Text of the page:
iv. The beads were washed twice using 200 µL TBS and the beads were settled and supernatant removed.

v. To elute the bound infliximab from the bead, 80 µL of elution solution was added and mixed (1300 rpm) for 10 minutes at room temperature. The sample eluant was removed and transferred to a clean 96-well plate. The samples were neutralized with the addition of 8 µL neutralization buffer.

d. Digestion: The purified samples were immediately digested using the ProteinWorks Auto-eXpress Low 5 Digest Kit and described protocol (see Section IV for details).

The final deck layout for the Hamilton MicroLab STAR. Accessories include a Hamilton Heater Shaker, an 8-channel pipette head, CORE Grippers to move plates, deep well plate locations for the Alpaqua Magnum EX magnet, and Eppendorf Protein Lo Bind 500 µL well plates. Figure 1. The final deck layout for the Hamilton MicroLab STAR. Accessories include a Hamilton Heater Shaker, an 8-channel pipette head, CORE Grippers to move plates, deep well plate locations for the Alpaqua Magnum EX magnet, and Eppendorf Protein Lo Bind 500 µL well plates.

III. Automation development: Goat Anti-Human IgG capture

a. Plasma sample preparation:

i. Comparison study: Etanercept samples were spiked at 10,000 ng/mL in rat plasma and prepared in quadruplicate. Infliximab and trastuzumab were used as internal standards (IS) and diluted with TBS to 10,000 ng/mL. 65 µL aliquots of the prepared etanercept samples were transferred into a Waters 96-well plate and placed on the deck of the STAR. 

ii. Quantification study: Etanercept standards and QCs were spiked into rat plasma at various concentrations ranging from 1.0–10,000 ng/mL. Trastuzumab was used as IS and was diluted to 1,000 ng/mL with TBS. Both standards and QCs were prepared in triplicate. 65 µL aliquots of the prepared etanercept samples was transferred into the Waters 96-well plate and placed on the deck of the STAR. 

b. Immunoaffinity reagents: Goat Anti-Human Biotinylated IgG antibody (Promega, V7830) was coupled with High Capacity Magne Streptavidin Beads (Promega, V7820) for immunopurification of etanercept and IS. The goat anti-human IgG antibody, elution solution (0.1% formic acid), and neutralization buffer (500 mM ammonium bicarbonate, pH 8.0) were placed in the low volume reagent reservoir. The TBS solution was placed into a high volume reagent reservoir and all reservoirs were placed on the STAR deck.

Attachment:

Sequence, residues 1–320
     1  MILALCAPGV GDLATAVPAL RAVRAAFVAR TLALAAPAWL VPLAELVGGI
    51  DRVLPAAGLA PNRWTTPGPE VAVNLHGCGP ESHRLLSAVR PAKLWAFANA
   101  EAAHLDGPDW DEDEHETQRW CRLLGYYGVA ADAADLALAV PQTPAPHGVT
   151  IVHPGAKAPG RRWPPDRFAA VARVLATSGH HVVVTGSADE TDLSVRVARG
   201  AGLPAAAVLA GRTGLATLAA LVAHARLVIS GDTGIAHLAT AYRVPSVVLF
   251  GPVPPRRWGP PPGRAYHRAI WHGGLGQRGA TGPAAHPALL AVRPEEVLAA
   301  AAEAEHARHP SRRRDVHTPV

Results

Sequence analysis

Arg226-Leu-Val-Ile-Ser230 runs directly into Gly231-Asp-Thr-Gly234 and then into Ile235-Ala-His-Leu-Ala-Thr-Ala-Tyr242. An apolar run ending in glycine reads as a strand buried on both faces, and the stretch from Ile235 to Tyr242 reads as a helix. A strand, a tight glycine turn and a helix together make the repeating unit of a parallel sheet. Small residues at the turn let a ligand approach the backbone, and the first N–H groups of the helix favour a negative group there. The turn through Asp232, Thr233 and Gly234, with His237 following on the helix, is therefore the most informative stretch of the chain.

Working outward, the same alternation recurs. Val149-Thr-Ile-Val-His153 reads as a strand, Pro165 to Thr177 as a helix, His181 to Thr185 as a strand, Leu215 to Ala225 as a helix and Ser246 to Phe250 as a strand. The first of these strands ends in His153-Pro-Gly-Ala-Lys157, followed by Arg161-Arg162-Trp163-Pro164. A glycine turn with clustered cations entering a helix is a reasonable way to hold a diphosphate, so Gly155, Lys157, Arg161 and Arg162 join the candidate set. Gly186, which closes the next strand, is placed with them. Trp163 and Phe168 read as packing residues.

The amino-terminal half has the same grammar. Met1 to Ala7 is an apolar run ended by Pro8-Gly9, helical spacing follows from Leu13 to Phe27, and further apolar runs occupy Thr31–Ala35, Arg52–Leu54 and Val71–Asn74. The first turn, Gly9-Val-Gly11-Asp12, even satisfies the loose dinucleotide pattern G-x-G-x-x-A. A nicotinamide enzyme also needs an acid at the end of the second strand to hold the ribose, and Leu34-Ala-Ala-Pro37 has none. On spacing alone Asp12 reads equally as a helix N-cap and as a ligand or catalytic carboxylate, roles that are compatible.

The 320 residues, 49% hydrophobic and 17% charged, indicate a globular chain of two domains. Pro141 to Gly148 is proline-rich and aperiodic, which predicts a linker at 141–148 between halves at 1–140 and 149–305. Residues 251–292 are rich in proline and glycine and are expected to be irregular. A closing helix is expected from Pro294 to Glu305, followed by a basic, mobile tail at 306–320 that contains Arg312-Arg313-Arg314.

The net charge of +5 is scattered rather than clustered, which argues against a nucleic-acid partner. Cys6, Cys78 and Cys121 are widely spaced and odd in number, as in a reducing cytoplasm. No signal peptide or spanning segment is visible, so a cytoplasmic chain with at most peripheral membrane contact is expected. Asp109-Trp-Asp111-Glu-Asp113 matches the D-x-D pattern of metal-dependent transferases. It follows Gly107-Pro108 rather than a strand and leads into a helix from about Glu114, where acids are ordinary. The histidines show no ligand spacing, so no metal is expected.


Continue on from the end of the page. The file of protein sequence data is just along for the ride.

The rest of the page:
c. Immunoaffinity sample purification: For the Comparison Study, the following steps were performed manually or entirely automated by the STAR, while the etanercept Quantification Study was entirely automated by the STAR:

i. Bead charging:

1. For each sample, 25 µL of streptavidin magnetic bead slurry was aliquoted on top of 200 µL of TBS in the 96-well plate. The sample plate was then mixed for 30 seconds and the beads were allowed to settle a top the 96-well magnet for two minutes. The entirety of the supernatant was removed and discarded.

2. The beads were washed twice; following the same protocol as Section i, with 250 µL of TBS, mixed for 30 seconds, and allowed to settle for two minutes before the supernatant was removed.

3. To charge the beads, a 50 uL aliquot of the biotinylated goat anti-human IgG antibody was added to the beads. The samples were mixed (1300 rpm) for two hours at room temperature.

4. Following charging, the samples were diluted with 200 uL TBS, mixed (1300 rpm), and settled for two minutes before the supernatant was removed. 

5. The beads were washed twice; following the same protocol as Section i, with 200 µL of TBS, mixed for 30 seconds, and allowed to settle for two minutes before the supernatant was removed.

ii. Immunoaffinity Sample Purification:

1. To purify the sample, 200 µL of TBS, 50 µL IS, and 50 µL of etanercept spiked or blank plasma was aliquoted on top of the charged magnetic beads. 

2. The sample and beads were mixed (1300 rpm) at room temperature overnight. Following incubation, the beads were settled and the supernatant was removed and discarded.

3. The beads were washed twice using 200 µL of TBS and the supernatant removed.

4. To elute the bound etanercept and IS from the bead, 80 µL of elution solution was added and mixed (1300rpm) for 10 minutes at room temperature. The sample eluant was removed and transferred to a clean 96-well plate and neutralized with the addition of 8 µL neutralization buffer.

d. Digestion: The purified samples were immediately digested using the ProteinWorks Auto-eXpress Low 5 Digest Kit and described protocol (see Section IV for details).

IV. Protein digestion

a. Protein digestion for Protein A method development (Section II): The entirety of the purified supernatant (≈88 µL) was digested using ProteinWorks Auto-eXpress Low 5 Digestion kit (p/n: 176004078) and provided low volume protocol. The Low 5 digestion protocol includes: denaturation, reduction, alkylation, digestion, and quench steps. This digestion protocol was performed manually.